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Now that summer is almost here the North End, the Mirabella pool is getting set to open for another season. What a great urban amenity this is for all North End children and families to enjoy.

Before the swimming pool was built by the city back in the 1960’s we had a beach right where the North End Park is and the post card I’m sharing shows the beach probably in the 1920’s or earlier.

If you look carefully you will notice that at that time the sand extended all the way up to Commercial Street. Later, a football/baseball field replaced much of the sand.

The elevated railway which joined North Station to South Station is clearly visible and don’t we miss it? The tenement buildings on Commercial Street look the same as today but the large brick buildings in the background were commercial warehouses. The US Government eventually bought them and extended the Coast Guard base.

The photo was taken from a pier which still existed when I was a child and extended into the harbor perpendicular to the beach. There were changing rooms, lockers and showers on the pier, one side for men and the other for women. Good swimmers like my uncle Fred, would jump off the top of the pier, swim to the Charlestown Navy Yard, touch the warships and swim back. That was quite an achievement and something which gave a considerable amount of local prestige. The Navy sailors were always amused and called the North End boys “seals” because they got so dark in the summer. I wonder if North End boys were the original Navy Seals?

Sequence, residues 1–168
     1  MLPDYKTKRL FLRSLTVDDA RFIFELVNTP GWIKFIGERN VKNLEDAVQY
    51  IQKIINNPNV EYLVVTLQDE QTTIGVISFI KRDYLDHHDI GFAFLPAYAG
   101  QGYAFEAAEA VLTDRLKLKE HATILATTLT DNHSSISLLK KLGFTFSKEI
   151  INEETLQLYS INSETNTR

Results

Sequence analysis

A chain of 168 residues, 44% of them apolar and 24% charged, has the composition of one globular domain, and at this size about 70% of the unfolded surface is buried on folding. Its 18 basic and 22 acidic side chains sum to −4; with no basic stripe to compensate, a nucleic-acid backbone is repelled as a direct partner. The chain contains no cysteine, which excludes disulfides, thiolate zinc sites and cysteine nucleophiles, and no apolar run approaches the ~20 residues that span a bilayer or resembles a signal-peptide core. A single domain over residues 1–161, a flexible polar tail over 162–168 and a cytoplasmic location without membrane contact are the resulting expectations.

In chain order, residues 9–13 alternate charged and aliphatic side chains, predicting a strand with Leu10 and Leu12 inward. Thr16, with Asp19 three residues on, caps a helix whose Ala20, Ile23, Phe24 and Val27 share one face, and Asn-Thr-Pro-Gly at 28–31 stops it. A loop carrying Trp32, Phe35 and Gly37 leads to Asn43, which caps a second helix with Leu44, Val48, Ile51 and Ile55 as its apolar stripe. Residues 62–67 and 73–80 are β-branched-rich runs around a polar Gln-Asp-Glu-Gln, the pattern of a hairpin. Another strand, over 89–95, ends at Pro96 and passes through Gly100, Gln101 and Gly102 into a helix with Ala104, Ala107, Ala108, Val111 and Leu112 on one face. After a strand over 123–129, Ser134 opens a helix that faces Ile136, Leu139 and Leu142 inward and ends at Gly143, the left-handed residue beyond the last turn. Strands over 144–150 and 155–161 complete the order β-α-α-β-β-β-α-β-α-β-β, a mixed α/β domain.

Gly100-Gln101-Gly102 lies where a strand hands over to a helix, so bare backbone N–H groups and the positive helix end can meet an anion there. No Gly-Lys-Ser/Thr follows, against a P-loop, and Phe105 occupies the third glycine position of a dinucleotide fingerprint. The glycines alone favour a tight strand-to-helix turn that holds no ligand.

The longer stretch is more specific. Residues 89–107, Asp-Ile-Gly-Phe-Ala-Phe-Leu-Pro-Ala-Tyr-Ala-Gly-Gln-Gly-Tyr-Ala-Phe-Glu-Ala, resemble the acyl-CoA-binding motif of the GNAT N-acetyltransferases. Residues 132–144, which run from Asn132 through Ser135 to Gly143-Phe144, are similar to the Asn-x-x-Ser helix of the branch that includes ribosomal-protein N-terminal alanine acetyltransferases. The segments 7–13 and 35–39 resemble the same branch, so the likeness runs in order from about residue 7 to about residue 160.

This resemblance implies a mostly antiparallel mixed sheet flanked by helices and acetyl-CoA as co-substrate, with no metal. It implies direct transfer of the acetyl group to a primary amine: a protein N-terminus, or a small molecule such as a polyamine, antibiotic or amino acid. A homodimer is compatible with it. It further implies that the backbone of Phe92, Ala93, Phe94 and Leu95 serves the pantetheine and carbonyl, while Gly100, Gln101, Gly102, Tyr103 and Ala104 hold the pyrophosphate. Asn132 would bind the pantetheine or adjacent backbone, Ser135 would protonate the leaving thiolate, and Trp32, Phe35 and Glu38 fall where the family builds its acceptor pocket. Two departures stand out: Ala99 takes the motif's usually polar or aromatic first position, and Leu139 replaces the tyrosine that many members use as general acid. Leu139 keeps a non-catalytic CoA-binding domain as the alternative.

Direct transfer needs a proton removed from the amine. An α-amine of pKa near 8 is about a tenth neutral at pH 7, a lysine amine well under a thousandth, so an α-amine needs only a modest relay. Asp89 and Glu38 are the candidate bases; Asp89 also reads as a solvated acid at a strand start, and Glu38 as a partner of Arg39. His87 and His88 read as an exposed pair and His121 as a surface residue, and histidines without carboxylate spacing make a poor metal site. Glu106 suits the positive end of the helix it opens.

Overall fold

I remember the harbor as being fairly clean except at low tide when the Charles River locks would open and all kinds of flotsam and jetsam would wash down the river. At that time the river was much more polluted than the harbor which was flushed twice a day by the tides.

Until the 1960’s polio epidemics would regularly sweep into the city especially in the summer. Anyone who could afford it sent their family away to live with family or friends in distant suburbs or their kids to camp. Swimming pools were called “polio pits” and there was some concern about replacing the clean beach with a pool where kids urinated in recycled water. Dr. Salk’s vaccine came to the rescue but we were all terrified of living in an iron lung. The March of Dimes was established to combat the polio epidemic.

In July and August the moon jellyfish would arrive and fill the harbor with their gently undulating orbs. It seemed like there were millions of them and swimming in the ocean became interesting. If you ducked under the water you would often come up with a gelatinous yarmulke on your head which you could throw at one of the girls.

So, enjoy our wonderful, jellyfish free, North End pool this summer. We’re lucky to have it and it makes living in our neighborhood much more enjoyable.

Nicholas Dello Russo is a lifelong North Ender and columnist. Often using vintage photographs, Nick tells the stories of growing up in the North End along with its culture and traditions. It was a time when the apartments were so small that residents were always on the streets enjoying “Life on the Corner.” Read more of Nick’s columns.

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18 COMMENTS

  1. Thanks for the nice article Nick. Loved the photo too. The Mirabella pool was an incredible place for N.E. families. We had a birds eye view of the pool from Jackson Ave. Happy memories. Keep those great stories coming!

    • Two of my favorite lifeguards at the pool were Paul Lydon and Chick Orlandi.